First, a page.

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A better, high-efficiency solar cell

We all know the sun packs some serious power. But when it comes to solar cells, which collect sunlight and convert it to electricity, they’re not soaking up as many rays as you might think.

A typical solar panel puts only 20 percent of the sunlight it collects to good use.

But engineers at The Ohio State University may have found a way to harness the sun in a more efficient, more affordable way that can grow with America’s energy needs.

It’s a huge step that could go a long way in reducing the cost of green energy.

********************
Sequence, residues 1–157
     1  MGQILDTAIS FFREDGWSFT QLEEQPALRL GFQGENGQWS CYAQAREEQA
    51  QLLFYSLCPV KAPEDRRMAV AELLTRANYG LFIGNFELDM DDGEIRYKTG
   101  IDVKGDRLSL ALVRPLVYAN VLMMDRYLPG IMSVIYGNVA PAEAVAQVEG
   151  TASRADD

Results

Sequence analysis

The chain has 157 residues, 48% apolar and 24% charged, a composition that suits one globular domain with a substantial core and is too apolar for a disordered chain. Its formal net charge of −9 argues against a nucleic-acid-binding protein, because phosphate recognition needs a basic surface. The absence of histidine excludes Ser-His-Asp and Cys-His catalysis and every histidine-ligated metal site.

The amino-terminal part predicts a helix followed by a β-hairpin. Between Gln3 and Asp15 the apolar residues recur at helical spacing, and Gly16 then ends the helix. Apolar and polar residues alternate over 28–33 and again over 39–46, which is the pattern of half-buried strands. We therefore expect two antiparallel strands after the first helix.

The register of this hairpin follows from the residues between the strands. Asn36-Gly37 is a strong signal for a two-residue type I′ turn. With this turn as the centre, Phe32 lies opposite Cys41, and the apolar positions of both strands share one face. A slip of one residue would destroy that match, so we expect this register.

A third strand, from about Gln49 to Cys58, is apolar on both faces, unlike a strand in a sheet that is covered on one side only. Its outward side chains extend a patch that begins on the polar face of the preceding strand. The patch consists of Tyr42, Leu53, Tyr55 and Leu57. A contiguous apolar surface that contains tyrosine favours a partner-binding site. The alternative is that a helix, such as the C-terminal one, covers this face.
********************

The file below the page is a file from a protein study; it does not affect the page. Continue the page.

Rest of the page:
Researchers Tyler Grassman and Steven Ringel are working on a silicon-based solar cell with an efficiency of 30 percent. Their secret: They’ve figured out how to integrate several other materials with the silicon in a single manufacturing process that saves money — which is key for producing solar power on a greater scale.

“Our goal is to take silicon to the next level,” said Grassman, assistant professor of materials science and engineering.

The project, funded by the U.S. Department of Energy, is part of an effort with industry, academia and national laboratories to develop innovative solutions to improve solar power.

It also improves solar power affordability, as innovations of this nature are driving the cost ever downward. In 2010, the kilowatt-hour cost of solar was $0.27. The goal is to have the cost down to $0.06 per kilowatt-hour by 2020, and discoveries like these are pivotal to reaching that goal.